Archive for the ‘Project Strategy’ Category

Governance Frameworks for Public Project Development and Estimation (Klakegg et al., 2008)

Montag, November 3rd, 2008

 Governance Frameworks for Public Project Development and Estimation (Klakegg et al., 2008)

Klakegg, Ole Jonny; Williams, Terry; Magnussen, Ole Morten; Glasspool, Helene: Governance Frameworks for Public Project Development and Estimation; in: Project Management Journal, Vol. 39 (2008), Supplement, pp. S27–S42.
DOI: 10.1002/pmj.20058

Klakegg et al. compare different public governance frameworks, particularly the UK’s Ministry of Defense, UK’s Office of Government Commerce, and Norway’s framework. The authors find that „the frameworks have to be politically and administratively
well anchored. A case study particularly looking into cost and time illustrates how the framework influences the project through scrutiny. The analysis shows the governance frameworks are important in securing transparency and control and clarifies the role of sponsor“ (p. S27)

Their analysis starts with the question of „Who are governance relevant stakeholders?„. The authors show two different general approaches to public governance stakeholders – Shareholder Value Systems and Communitarian Systems. The Shareholder Value System is based on the principle that only shareholders are legitimate stakeholders – a system which is used in the US, UK, and Canada. On the other hand the Communitarian System is based on the idea that all impacted communities and persons are relevant stakeholders – a system typically found in Norway, Germany, and numerous other countries. A secondary line of thought is the difference between Western and Asian stakeholder ideas, whereas the Asian idea is underlining the concept of family and the Western idea is underlining the relationship concept.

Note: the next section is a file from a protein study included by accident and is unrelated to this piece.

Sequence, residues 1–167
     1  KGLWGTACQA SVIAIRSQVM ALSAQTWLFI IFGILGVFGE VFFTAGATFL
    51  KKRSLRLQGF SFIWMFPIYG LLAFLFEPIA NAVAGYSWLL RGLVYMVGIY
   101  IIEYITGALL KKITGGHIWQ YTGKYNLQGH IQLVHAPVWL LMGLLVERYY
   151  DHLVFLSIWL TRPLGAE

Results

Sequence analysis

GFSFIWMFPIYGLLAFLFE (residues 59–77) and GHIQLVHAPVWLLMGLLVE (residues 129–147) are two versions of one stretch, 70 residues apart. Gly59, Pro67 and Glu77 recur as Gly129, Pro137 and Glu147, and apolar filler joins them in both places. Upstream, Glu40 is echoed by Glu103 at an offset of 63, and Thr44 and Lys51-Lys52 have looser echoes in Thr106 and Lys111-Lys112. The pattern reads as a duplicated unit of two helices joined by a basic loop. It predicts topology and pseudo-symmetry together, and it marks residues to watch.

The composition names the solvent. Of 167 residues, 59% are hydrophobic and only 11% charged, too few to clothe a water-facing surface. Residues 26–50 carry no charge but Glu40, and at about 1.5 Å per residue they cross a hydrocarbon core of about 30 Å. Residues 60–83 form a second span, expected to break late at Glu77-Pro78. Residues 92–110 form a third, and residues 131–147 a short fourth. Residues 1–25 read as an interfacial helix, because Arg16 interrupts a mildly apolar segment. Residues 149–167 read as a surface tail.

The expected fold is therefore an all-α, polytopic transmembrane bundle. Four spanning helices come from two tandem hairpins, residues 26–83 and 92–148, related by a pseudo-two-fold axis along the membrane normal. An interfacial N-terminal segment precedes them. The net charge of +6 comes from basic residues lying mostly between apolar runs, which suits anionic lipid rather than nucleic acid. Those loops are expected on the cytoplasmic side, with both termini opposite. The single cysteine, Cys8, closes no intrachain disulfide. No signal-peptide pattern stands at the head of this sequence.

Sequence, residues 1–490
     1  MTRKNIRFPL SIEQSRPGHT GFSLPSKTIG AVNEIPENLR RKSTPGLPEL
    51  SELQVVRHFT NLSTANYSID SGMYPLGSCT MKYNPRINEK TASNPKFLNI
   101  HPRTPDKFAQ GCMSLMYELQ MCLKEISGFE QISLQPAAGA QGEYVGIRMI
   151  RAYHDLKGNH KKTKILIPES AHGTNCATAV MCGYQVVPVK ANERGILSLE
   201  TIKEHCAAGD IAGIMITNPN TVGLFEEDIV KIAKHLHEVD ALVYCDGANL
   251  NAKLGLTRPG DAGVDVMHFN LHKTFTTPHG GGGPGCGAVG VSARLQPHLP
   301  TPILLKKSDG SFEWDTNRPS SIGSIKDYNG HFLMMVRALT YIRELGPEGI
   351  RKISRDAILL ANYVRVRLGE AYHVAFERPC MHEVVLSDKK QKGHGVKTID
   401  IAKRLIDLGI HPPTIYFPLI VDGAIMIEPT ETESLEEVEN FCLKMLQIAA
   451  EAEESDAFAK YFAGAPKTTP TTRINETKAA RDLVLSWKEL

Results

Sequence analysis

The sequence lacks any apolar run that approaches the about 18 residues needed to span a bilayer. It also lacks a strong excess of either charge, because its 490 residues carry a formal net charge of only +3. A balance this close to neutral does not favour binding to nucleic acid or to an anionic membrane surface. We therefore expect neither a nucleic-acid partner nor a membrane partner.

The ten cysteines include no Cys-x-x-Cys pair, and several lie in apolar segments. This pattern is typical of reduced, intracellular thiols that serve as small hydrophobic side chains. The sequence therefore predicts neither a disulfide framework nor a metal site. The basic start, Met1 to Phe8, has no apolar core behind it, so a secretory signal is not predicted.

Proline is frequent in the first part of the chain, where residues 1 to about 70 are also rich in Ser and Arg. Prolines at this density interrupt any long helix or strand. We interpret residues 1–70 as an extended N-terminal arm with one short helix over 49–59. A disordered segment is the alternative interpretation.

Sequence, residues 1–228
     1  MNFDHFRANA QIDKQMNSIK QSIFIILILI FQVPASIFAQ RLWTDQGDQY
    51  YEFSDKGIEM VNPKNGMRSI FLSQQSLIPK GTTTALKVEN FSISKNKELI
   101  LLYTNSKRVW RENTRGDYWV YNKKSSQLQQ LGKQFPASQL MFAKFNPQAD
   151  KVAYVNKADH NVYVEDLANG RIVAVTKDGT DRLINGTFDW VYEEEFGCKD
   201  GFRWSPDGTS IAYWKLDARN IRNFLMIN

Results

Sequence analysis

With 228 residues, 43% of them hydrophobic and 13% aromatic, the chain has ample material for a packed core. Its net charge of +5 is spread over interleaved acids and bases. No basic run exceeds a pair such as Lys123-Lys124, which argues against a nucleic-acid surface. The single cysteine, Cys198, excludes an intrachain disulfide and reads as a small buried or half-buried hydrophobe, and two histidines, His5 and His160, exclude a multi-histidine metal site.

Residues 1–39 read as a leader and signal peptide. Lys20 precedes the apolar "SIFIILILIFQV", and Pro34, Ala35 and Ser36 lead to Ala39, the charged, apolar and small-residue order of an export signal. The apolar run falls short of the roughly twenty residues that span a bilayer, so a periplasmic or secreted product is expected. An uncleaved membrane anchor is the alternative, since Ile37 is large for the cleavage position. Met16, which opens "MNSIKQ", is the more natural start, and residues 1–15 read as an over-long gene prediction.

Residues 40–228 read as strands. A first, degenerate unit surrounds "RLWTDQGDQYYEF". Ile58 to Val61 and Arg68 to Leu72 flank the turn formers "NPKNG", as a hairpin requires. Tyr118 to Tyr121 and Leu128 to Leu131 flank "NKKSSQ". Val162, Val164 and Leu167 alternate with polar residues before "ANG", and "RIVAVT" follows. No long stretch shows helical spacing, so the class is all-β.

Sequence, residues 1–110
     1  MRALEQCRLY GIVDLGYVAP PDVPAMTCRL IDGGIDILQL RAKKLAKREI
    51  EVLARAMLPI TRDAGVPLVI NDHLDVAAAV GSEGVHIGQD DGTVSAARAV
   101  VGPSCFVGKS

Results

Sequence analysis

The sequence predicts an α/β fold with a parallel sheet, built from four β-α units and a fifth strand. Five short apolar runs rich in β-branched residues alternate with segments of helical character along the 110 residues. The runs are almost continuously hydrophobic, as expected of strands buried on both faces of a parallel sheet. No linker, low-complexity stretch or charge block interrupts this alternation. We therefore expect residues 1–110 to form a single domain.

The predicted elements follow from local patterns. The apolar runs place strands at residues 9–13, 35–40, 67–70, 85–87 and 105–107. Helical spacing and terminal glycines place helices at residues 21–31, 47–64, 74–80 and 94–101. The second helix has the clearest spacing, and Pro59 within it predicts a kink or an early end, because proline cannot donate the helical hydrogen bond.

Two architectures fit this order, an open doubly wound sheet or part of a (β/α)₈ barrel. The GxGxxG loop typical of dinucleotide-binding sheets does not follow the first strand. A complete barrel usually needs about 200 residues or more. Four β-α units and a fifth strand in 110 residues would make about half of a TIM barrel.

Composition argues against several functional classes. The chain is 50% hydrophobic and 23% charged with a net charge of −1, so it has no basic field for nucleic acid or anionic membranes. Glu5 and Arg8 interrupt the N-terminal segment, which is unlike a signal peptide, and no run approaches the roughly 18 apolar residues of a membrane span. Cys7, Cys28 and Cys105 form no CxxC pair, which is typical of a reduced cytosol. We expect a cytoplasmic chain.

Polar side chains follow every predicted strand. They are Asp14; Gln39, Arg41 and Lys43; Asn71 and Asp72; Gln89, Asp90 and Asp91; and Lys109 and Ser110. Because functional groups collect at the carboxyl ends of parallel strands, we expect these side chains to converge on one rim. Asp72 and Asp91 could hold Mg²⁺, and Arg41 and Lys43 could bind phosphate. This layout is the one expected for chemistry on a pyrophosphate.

To pin down the idea of public project governance the authors draw parallels to corporate governance with it’s chain of management ↔ board ↔ shareholder ↔ stakeholder. The APM defines project governance as the corporate governance that is related to projects with the aim that sustainable alternatives are choosen and delivered efficiently. Thus the authors define a governance framework as an organised structure, authoritive in organisation with processes and rules established to ensure the project meets its purpose.

The reviewed governance frameworks show interesting differences – for example in the control basis, reviewer roles, report formats, supporting organisation, and mode of initiation. The principles they are based on range from management of expectations, to establishing hurdles to cross, to making recommendations. Focus of the reviews can be the business case, outputs, inputs, or used methods.

Tailored task forces: Temporary organizations and modularity (Waard & Kramer, 2008)

Montag, Oktober 20th, 2008

Tailored task forces: Temporary organizations and modularity (Waard & Kramer, 2008)

Waard, Erik J. de; Kramer, Eric-Hans: Tailored task forces – Temporary organizations and modularity; in: International Journal of Project Management, Vol. 26 (2008), No. 5, pp. 537-546.